Date of publication: 23/04/2024

The Beginnings of the Society of St. Vincent de Paul, 191 Years ago

Council General International

April 23, 2024 marks the 211th anniversary of the birth of Frederic Ozanam and the 191st anniversary of the creation of the first charity conference. A seemingly insignificant event, a controversy over the then scarce charitable action of the Church in France, occurring in a debate between believers and non-believers at a history conference, generated a movement of charity and mutual friendship that, today, gathers hundreds of thousands of people around the same ideal: to follow Jesus Christ in fidelity, serving him in the most needy people of our world.

The chronicles on the origins of the first charity conference are all distanced from the facts. There are no minutes of the first meetings, and the first account of its constitution was written more than a year later[1] . The early members of the Society were reluctant to offer specific details about the origins of the association, and attributed its creation to God and his providence. Nevertheless, the testimonies as a whole give us a sufficiently reliable picture of what the beginnings were like.

At the beginning of his second university year (that is, in the last quarter of 1832), Frederick began to participate in the twice-weekly law lectures. In these lectures “controversial questions are discussed. In each case there are two lawyers and another one who exercises the function of public prosecutor. The others judge the merits of the case and the merits of the pleadings. Reading is not allowed, so they almost always improvise; where they have to practice the most is in the replies”[2] .

The students who attended were not all Christians, and lively debates were often raised, among which “the doctrines and works” of Catholicism were not exempt, where “all opinions are admitted to the rostrum”[3] . Ozanam, Lamache and Lallier formed a small committee that prepared the arguments to the questions raised by their adversaries during the debates: “One day, while Lallier was conversing with Le Taillandier, the latter confided to him his weariness with these discussions, which he considered fruitless, and said how much he thought it preferable that the Catholic students found an association of piety and charity. This suggestion, which Lallier communicated to Ozanam and Lamache, did not take long to germinate in the minds of our young people, and suddenly reappeared at the end of a stormy session of the history conference”[4] .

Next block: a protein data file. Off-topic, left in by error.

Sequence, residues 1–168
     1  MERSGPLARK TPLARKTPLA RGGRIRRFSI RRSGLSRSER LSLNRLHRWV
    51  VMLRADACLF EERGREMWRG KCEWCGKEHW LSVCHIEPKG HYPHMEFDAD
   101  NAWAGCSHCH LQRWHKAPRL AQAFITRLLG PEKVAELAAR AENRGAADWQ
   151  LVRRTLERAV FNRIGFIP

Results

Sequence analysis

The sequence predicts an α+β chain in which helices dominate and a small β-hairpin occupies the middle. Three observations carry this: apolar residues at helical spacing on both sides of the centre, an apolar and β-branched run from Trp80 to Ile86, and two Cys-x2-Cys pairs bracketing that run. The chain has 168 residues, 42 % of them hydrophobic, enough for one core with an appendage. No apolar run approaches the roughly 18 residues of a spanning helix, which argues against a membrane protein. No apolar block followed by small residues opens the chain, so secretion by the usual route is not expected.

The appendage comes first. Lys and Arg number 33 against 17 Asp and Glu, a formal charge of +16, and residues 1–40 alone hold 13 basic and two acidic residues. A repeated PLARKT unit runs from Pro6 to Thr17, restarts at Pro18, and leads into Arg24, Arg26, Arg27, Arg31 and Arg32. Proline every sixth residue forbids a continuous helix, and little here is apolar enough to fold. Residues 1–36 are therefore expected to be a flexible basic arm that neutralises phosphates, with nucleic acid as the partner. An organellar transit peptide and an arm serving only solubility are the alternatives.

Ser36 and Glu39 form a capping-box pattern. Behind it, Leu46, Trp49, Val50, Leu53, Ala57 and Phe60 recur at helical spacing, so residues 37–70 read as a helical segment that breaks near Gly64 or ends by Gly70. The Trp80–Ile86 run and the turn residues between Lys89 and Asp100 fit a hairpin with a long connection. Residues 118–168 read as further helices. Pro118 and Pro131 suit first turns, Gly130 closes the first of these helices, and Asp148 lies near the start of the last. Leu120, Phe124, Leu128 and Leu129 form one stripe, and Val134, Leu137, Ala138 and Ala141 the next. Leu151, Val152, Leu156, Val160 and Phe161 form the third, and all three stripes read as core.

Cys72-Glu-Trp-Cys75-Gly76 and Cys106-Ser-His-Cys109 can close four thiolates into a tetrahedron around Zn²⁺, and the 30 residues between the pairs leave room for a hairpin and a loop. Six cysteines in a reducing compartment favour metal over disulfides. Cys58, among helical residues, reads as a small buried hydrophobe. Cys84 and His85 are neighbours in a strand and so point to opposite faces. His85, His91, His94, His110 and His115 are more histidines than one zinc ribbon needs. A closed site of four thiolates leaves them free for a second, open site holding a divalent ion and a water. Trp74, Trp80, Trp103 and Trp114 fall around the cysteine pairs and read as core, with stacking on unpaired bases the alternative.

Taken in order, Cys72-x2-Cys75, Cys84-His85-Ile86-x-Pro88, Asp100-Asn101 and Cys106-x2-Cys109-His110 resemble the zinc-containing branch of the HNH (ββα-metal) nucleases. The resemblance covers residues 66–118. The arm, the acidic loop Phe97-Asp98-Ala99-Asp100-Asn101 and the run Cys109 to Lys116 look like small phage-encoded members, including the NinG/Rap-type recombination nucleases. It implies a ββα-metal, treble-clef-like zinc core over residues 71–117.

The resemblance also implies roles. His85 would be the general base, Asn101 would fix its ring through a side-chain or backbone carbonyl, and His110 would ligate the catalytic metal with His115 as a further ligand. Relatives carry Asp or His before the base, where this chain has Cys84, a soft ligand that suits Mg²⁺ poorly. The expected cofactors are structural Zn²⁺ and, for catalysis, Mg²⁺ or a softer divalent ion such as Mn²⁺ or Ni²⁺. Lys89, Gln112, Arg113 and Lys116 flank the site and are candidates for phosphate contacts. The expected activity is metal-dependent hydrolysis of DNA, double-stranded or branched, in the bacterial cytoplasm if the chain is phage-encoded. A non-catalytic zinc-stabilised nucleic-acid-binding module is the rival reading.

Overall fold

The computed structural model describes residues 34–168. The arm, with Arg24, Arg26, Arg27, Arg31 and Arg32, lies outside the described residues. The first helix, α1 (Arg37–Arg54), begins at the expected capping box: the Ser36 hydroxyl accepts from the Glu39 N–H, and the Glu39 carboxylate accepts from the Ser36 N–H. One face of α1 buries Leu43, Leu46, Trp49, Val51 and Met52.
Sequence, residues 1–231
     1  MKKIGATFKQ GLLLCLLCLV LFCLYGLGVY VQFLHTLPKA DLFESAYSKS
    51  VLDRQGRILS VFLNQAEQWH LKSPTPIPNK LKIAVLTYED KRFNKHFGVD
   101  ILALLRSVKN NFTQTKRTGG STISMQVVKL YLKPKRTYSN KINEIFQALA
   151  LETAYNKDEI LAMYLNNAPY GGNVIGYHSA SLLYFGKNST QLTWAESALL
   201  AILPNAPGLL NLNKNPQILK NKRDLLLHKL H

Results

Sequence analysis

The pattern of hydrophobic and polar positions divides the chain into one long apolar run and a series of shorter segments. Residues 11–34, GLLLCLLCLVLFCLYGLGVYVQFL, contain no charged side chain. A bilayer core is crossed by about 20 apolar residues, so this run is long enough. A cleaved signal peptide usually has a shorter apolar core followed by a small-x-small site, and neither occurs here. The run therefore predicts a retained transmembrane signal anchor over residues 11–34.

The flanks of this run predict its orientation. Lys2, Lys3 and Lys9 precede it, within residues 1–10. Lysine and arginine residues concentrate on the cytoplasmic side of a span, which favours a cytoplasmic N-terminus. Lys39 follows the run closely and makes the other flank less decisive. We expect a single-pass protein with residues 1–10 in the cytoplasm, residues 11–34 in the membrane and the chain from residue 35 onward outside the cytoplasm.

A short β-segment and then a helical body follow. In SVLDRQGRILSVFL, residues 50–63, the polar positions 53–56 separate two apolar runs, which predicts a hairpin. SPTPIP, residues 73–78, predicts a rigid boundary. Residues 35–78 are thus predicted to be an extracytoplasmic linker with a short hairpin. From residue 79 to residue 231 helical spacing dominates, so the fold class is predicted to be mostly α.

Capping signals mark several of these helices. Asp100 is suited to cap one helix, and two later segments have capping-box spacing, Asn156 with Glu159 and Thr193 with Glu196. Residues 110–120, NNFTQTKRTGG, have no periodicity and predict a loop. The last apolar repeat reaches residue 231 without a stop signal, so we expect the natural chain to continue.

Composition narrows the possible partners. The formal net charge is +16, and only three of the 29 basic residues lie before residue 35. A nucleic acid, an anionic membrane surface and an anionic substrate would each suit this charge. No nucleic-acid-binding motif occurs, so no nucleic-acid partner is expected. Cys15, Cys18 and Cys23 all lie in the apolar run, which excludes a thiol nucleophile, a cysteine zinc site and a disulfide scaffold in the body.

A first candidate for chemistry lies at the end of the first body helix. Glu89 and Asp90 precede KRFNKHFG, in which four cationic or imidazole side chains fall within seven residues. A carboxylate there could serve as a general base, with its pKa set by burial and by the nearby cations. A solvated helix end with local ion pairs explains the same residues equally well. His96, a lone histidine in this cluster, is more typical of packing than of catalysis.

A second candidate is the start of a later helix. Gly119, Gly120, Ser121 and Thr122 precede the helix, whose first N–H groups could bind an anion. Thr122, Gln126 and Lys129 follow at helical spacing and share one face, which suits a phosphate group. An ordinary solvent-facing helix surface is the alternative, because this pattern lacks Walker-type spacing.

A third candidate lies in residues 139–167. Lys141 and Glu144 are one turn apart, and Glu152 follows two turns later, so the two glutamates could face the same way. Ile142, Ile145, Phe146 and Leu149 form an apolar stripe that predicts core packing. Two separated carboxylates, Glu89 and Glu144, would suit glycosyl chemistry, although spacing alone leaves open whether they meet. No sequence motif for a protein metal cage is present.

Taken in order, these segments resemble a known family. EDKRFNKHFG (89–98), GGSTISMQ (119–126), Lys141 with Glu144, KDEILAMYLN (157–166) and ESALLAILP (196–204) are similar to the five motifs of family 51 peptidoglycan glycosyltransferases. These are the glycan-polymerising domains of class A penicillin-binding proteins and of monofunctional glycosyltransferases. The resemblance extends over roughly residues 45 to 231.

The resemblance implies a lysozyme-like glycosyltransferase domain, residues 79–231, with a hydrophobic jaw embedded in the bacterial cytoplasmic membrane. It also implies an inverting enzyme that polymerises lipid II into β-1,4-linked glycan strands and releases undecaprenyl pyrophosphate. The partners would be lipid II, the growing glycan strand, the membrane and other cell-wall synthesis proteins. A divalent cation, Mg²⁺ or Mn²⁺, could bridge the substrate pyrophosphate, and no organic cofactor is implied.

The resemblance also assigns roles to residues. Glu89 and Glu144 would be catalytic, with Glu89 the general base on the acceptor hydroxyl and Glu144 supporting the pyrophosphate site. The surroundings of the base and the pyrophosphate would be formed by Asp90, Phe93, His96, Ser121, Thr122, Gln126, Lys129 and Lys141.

During one of the meetings of the history conference, possibly in mid-February 1833, one of the reproaches made a deep impression on Frederick and his friend Le Taillandier: “Yes, you have the right to speak of the past. In days gone by, Christianity did indeed work wonders, but today Christianity is dead. And you, who boast of being Catholics, what do you do? What works can you show that prove your faith and make us feel respect and recognition?”[5] .

The committee formed by Ozanam, Lallier and Lamache soon met at Lamache’s house; Lallier, in 1882, vividly remembers the scene: Frederic’s sad eyes, but also full of ardor and fire, and his suggestion to form a group made up exclusively of Catholics, dedicated solely to charity[6] . After a second meeting at the home of another friend, Antonin Serre, to which Le Taillandier was also invited, they reaffirmed their intention to create a charitable group. Ozanam went to the printer Emmanuel Bailly to ask him for guidance to do so, who suggested, at first, to seek the advice of Abbé Olivier, parish priest of Saint-Étienne-du-Mont. The abbé received the young men with kindness – also with a certain condescension – and suggested that they give catechism classes to the children of the workers in the parish. The suggestion was unfeasible: the students sought to serve the needy directly; moreover, giving catechesis might conflict, during some times of the year, with their university studies and exams. They returned to Bailly’s house to tell the parish priest about the failed visit, who finally “let himself be convinced: but he pointed out to them that there were only four of them, an insufficient number to found a work. Ozanam immediately pointed out two other students who regularly attended the history conference and knew well: Clavé and Devaux. He took it upon himself to invite them to participate in the projected work, and they gladly accepted”[7] .